Architecture

Back to Blog December 6, 2022

Professor Sally Harrison Honored at 2022 AIA Philadelphia Awards

Author: Emily Herbein

Professor of Architecture Sally Harrison is being honored with the 2022 Alan Greenberger Award from AIA Philadelphia. This annual award recognizes Community Design Collaborative leaders and AIA members for their commitment and service to the organization’s mission. Harrison works as a registered architect, educator, and scholar, which allows her to explore the social influence of design. Harrison is also co-founder of The Urban Workshop, a social impact design collaborative at Tyler School of Art and Architecture that engages underserved communities in creating environments that are beautiful, just, and sustainable.                                      

Harrison called her recognition from AIA Philadelphia a “great honor.” Having worked in social impact design for several decades, she reflected that “it was initially taken seriously in practice, but not yet culturally. I’ve found this kind of work to be so inspiring and requiring imagination, as much as any other work in the architecture field. Working collaboratively with people who are anxious to improve their physical environment under circumstances that some might find intolerable was amazing.”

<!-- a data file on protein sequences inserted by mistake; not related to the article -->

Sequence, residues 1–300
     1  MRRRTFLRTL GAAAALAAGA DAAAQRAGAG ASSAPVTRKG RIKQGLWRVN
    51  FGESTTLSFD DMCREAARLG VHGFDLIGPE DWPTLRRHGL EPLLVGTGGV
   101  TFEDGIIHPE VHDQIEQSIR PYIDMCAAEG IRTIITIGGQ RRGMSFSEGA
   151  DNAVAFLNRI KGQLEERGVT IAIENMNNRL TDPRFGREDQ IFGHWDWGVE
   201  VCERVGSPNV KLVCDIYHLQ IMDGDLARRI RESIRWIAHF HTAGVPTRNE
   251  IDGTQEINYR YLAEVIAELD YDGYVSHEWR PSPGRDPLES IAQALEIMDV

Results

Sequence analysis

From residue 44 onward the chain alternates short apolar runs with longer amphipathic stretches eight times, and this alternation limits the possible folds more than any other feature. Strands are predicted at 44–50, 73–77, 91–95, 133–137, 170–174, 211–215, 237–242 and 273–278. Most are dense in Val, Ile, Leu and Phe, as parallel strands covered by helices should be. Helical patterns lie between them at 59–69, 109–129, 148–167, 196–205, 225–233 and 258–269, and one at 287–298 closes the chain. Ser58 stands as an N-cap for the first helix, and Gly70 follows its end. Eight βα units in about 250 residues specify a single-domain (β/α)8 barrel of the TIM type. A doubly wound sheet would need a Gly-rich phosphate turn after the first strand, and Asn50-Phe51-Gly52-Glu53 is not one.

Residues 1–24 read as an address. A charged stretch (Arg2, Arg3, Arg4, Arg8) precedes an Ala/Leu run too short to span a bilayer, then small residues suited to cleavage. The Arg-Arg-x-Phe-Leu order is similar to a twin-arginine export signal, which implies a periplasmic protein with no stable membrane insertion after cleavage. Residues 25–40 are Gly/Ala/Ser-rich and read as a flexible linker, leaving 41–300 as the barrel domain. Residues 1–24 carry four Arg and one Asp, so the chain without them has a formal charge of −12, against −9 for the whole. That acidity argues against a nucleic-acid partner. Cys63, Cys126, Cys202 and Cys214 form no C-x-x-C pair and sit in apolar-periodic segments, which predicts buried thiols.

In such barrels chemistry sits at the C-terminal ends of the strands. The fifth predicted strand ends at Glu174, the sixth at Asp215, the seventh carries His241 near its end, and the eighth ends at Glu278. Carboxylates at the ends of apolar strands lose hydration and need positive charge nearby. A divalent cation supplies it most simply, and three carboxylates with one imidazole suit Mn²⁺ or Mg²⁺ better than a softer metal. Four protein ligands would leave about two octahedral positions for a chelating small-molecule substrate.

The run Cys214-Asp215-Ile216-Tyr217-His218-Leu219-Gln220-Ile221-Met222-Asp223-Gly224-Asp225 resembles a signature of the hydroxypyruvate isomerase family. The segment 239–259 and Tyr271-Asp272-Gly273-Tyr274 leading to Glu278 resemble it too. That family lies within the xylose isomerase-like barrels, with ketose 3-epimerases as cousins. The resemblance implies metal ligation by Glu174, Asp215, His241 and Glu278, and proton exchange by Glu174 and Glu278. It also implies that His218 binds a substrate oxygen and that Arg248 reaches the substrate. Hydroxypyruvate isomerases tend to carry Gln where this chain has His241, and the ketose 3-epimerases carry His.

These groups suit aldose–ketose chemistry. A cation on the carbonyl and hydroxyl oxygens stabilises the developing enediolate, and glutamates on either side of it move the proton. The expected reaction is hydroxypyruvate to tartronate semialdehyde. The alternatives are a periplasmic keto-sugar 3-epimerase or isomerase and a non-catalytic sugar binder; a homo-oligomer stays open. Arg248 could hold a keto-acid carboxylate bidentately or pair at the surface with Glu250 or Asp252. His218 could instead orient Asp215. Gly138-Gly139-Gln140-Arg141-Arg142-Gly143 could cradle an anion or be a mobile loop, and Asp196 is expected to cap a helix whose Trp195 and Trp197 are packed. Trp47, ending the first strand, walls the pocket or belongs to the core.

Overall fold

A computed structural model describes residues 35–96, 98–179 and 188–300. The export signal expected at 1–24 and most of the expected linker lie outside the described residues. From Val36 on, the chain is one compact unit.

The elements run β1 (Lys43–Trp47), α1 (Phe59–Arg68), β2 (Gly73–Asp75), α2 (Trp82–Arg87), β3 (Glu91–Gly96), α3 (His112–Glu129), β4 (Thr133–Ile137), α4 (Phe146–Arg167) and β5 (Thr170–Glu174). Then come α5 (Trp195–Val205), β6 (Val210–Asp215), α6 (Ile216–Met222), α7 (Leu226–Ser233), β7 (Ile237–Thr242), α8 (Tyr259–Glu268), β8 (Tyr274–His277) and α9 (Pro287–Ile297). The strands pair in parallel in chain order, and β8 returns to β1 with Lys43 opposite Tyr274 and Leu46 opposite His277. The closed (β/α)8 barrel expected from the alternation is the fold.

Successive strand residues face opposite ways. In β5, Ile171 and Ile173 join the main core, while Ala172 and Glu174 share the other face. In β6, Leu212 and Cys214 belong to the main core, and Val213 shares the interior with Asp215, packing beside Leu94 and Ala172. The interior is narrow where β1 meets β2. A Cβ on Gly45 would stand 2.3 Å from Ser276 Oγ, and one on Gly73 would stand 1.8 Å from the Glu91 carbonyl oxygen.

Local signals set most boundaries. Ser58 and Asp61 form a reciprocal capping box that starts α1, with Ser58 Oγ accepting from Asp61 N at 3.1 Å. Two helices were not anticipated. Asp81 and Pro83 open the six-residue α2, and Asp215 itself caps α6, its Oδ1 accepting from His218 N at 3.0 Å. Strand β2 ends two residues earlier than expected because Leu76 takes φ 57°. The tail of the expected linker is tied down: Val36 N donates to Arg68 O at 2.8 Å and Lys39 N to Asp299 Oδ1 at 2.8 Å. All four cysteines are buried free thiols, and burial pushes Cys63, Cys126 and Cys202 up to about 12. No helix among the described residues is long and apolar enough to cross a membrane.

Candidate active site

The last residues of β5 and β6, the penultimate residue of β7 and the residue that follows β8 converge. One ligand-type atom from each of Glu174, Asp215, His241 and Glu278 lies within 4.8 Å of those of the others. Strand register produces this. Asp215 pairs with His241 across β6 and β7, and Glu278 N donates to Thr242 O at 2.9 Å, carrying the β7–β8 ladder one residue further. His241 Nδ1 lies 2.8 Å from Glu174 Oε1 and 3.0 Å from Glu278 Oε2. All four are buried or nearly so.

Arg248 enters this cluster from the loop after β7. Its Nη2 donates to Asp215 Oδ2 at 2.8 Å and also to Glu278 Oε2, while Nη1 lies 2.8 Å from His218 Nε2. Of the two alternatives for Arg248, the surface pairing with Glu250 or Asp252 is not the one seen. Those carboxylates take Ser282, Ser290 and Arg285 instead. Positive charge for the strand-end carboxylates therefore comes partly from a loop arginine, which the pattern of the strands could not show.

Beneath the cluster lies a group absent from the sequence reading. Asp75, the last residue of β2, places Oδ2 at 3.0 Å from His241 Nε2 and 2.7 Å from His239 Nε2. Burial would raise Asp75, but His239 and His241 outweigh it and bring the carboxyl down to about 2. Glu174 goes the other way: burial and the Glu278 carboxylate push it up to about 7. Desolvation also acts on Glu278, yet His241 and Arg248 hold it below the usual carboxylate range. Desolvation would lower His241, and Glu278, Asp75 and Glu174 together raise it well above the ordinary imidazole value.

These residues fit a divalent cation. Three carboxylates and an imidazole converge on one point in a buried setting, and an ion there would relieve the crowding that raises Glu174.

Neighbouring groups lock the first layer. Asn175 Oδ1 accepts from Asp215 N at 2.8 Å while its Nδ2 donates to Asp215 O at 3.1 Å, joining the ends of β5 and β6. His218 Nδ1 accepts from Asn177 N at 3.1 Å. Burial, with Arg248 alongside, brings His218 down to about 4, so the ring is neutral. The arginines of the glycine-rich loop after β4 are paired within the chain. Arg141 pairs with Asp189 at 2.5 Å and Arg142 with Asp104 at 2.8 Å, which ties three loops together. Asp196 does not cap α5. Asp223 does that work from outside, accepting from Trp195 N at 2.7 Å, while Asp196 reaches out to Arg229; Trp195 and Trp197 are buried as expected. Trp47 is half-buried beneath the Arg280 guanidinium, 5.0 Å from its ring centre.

Along with studying architecture, Harrison also took art history classes in college, studying 16th century Italian villas, which helped her bridge activist architecture and urban design when she realized how meaningful beautiful aesthetics can be to a community. “I appreciate being recognized for having dedicated so much of my career to that,” she said. “The process in which design in stressed communities is engaged, building long-term relationships with the communities that are trusting you to do the work, and to make sure that, as a professional architect, you’re giving the highest quality of design that you can, is so impactful. It’s inspiring, being able to inspire people to see what they didn’t think was possible in their own neighborhoods.” 

Outside of teaching, most of Harrison’s work is still connected to Tyler, and one of her proudest achievements is serving as the Director of The Urban Workshop, an initiative that takes on design projects with students and faculty. Most recently, the workshop took on a project with Variety of the Children’s Charity and designed an inclusive space for neurodivergent children. “A lot of interesting research has been done around how people with specific disabilities relate to experience and space. What does a child with autism see? How do they respond to light and space? Those things reflect on our shared humanity, and one thing that it really brings home to me is how powerful and subconscious the built environment is. It affects our emotions, our understanding of our place in the world, and it becomes very important in helping you deal with groups of people who have different sorts of responses.” 

Harrison described today’s passionate generation of students as “quite open to these issues. They’re courageous, they want to engage. I hope that I’ve been able to serve as a mentor to them and that their careers in architecture or other design fields will be infused with this notion that you can do well and do good at the same time without sacrificing the highest quality of design that you can give. Designs that respond to people’s needs are very important to me.” 

The annual AIA Philadelphia Design Awards will be held on December 8.